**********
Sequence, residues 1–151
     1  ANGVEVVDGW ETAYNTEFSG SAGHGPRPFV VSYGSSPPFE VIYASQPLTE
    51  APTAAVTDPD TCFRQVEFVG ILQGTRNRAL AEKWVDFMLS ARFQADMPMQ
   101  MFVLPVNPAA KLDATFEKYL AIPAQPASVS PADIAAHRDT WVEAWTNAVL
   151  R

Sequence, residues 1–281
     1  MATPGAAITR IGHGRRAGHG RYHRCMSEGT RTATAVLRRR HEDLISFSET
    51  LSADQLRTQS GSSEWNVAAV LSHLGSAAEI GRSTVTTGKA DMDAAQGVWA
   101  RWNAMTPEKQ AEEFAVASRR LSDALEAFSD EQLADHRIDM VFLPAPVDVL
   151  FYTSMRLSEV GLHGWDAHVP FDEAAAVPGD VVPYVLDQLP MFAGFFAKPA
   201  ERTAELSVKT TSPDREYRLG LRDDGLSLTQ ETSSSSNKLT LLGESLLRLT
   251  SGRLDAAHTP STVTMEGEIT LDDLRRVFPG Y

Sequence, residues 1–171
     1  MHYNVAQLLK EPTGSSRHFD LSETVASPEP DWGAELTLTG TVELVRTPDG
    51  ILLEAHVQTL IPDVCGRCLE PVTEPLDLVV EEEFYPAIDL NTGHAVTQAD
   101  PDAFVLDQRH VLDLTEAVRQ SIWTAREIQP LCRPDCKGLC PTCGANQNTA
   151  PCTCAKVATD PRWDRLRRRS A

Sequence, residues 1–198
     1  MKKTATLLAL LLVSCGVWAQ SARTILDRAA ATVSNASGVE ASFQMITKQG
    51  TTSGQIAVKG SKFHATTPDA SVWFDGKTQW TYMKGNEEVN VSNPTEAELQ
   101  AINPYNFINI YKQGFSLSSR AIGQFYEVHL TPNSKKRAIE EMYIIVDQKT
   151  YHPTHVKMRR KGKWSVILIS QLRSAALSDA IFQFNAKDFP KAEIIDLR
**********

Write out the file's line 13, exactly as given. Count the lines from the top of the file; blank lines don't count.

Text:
Sequence, residues 1–171